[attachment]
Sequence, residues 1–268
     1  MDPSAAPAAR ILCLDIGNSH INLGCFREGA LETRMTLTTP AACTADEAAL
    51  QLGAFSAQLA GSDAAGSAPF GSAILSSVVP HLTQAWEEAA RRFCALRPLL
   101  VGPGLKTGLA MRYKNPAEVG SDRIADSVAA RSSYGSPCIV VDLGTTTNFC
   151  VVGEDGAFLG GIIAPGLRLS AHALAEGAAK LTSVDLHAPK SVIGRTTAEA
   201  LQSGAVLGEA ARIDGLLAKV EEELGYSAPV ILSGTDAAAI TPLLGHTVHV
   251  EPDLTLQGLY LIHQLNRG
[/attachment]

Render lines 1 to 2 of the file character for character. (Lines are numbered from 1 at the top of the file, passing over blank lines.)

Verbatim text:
Sequence, residues 1–268
     1  MDPSAAPAAR ILCLDIGNSH INLGCFREGA LETRMTLTTP AACTADEAAL